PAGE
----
Τρίτη, 20 Σεπτεμβρίου 2016

12 Years a Slave, the scene of whipping


About: 
12 Years a Slave (film)



Please, see also:

 
 
African-Americans (tag)
 
Ancient Christian faith (Orthodox Church) in Africa
Eight principal areas of convergence between African spirituality and Ancient Christianity
Orthodox Mission in Tropical Africa (& the Decolonization of Africa)
African Initiated Churches in Search of Orthodoxy...

Kanisa la Orthodox nchini Kenya: Liturujia takatifu, watoto na zaburi - Orthodox Church in Kenya: the holy liturgy, children and psalms



Kujiweka kwa Zawadi Mtakatifu Wakati wa Liturujia Mungu katika St Barnabas Orthodox yatima na shule. Liturujia ya Mungu rasmi na Fr Methodios JM Kariuki. kwa habari zaidi kuhusu ziara hii Mission; www.orthodoxmissionkenya.org
 
Consecration of the Holy Gifts During divine Liturgy at St Barnabas Orthodox Orphanage and school. The divine Liturgy officiated by Fr Methodios JM Kariuki. for more information about this Mission visit; www.orthodoxmissionkenya.org



Παρασκευή, 16 Σεπτεμβρίου 2016

Salvation and atonement (& The significance of the “Antilytron”)


 
Photo from here (Kenya)

Khanya (Khanya e isoe ho Molimo holimo - Orthodox Christians in South Africa)

In the previous post I questioned the belief of some theologians that “theology of religion” was all about whether one could find salvation in other religions. The question assumes that “other” religions have a similar notion of salvation to Christianity, and that “salvation” is what they are all about. I pointed out that the concept of “salvation” is not central to all religions, and that even Christians can’t agree about what “salvation” is.
In at least some parts of the Christian blogosphere there has been considerable discussion about the “penal substitution” theory of the atonement (“penal” was the “p” word that I couldn’t remember in my previous post). As an Orthodox Christian I have found the discussion somewhat unreal, as Orthodoxy has never had the juridical understanding of the atonement developed by Anselm of Canterbury, nor the penal substitution refinement of it, developed by Calvin. As Stamoolis (1986:9) puts it, following L.A. Zander, “The East was not influenced by Anselm: its soteriology is different from that of the West”. As I wrote in my doctoral thesis on Orthodox mission methods:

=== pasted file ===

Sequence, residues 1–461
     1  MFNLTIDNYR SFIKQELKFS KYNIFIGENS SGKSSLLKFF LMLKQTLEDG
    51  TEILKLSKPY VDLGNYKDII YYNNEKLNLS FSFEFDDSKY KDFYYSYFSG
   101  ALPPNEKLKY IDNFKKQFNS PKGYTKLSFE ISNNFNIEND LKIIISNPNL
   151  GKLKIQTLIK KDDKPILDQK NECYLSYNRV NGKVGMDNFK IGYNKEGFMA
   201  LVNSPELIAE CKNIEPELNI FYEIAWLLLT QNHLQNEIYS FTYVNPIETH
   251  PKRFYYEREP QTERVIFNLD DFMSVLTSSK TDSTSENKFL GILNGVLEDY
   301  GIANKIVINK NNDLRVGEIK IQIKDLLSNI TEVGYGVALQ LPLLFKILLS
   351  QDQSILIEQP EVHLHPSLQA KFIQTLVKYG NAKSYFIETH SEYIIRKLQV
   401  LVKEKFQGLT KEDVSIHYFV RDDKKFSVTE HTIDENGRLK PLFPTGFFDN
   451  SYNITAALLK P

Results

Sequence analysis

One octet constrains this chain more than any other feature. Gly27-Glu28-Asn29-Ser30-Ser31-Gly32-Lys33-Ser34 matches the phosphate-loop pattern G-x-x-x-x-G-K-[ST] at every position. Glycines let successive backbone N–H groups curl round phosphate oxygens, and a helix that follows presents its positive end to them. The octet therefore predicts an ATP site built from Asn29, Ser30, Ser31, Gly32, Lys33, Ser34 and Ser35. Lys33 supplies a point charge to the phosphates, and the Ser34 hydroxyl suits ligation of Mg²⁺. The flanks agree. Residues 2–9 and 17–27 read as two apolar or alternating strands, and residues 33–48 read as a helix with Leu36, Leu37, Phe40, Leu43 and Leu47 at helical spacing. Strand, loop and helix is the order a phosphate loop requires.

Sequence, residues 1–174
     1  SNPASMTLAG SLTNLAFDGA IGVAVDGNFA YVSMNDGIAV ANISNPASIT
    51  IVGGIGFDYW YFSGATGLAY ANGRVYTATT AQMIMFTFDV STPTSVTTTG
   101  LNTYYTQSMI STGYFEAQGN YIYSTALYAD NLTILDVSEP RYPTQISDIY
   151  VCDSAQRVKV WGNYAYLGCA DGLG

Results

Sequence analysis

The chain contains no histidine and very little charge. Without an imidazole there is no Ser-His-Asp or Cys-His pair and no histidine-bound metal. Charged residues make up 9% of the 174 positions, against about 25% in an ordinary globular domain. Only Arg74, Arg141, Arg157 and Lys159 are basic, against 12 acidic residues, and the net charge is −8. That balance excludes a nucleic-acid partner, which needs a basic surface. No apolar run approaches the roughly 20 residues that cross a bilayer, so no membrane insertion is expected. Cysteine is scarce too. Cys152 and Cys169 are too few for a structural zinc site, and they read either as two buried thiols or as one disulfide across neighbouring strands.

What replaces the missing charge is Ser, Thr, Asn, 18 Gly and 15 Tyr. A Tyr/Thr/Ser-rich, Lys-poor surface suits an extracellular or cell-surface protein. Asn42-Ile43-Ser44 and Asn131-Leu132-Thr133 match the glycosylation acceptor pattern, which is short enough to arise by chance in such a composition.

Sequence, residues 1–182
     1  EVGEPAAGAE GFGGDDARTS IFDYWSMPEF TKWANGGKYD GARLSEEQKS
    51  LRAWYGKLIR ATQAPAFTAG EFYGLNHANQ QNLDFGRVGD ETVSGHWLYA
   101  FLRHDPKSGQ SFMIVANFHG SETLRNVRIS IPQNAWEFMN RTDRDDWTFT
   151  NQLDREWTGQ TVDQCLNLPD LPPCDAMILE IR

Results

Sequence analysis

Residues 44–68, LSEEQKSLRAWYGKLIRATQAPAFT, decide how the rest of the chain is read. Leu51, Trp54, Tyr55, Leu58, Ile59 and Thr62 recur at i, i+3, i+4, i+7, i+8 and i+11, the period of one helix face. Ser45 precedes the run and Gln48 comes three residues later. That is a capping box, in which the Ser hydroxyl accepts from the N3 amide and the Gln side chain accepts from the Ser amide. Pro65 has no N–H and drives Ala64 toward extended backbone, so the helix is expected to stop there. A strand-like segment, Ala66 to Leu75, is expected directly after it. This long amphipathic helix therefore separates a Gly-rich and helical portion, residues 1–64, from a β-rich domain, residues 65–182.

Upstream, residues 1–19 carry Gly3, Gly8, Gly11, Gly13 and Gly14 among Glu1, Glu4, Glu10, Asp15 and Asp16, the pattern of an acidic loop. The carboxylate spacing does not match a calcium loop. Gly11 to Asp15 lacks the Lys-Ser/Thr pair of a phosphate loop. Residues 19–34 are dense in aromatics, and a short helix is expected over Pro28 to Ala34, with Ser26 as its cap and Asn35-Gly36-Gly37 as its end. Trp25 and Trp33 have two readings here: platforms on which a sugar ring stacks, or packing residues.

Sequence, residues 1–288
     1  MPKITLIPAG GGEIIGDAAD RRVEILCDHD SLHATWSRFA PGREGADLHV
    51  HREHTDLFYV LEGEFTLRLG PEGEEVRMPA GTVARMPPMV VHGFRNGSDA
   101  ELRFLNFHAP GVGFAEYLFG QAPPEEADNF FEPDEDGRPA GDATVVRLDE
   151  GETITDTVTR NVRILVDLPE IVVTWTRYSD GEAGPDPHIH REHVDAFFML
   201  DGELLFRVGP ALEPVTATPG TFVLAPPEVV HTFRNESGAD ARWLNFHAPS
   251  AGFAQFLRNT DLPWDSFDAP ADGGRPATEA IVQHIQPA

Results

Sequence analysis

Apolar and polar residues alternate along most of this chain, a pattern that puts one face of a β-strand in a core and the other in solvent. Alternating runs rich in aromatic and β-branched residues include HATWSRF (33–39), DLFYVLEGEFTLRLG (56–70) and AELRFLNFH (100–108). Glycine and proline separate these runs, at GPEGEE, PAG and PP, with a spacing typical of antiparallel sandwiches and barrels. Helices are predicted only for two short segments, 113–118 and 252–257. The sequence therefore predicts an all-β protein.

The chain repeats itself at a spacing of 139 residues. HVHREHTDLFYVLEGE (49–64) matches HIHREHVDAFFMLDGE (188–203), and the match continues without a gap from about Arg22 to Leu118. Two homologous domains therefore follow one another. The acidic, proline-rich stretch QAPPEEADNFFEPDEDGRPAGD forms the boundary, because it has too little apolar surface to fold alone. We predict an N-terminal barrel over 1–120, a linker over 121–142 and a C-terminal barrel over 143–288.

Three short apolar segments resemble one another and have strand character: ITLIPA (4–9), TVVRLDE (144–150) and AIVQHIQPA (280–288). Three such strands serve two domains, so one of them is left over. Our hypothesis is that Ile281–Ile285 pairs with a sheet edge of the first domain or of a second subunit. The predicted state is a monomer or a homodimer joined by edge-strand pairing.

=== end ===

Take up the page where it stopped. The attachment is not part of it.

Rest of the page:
The schism of 1054 took place in the lifetime of Anselm of Canterbury, and he wrote his Cur Deus homo? a few years later. While the schism of 1054 appears to have been mainly about the Western addition of the filioque clause to the Symbol of Faith, and its attempt to impose that on the East (Runciman 1988:90-91), the heritage of Anselm is at least as significant in accounting for the differences in the style and method of mission following the eleventh century. Yet even this goes back a long way. At the root of the different understanding of soteriology is a different understanding of sin, and especially a different understanding of “original” sin. Again, as Stamoolis (1986:9) puts it, following L.A. Zander, “The East was not influenced by Augustine; its anthropology is different from that of the West”.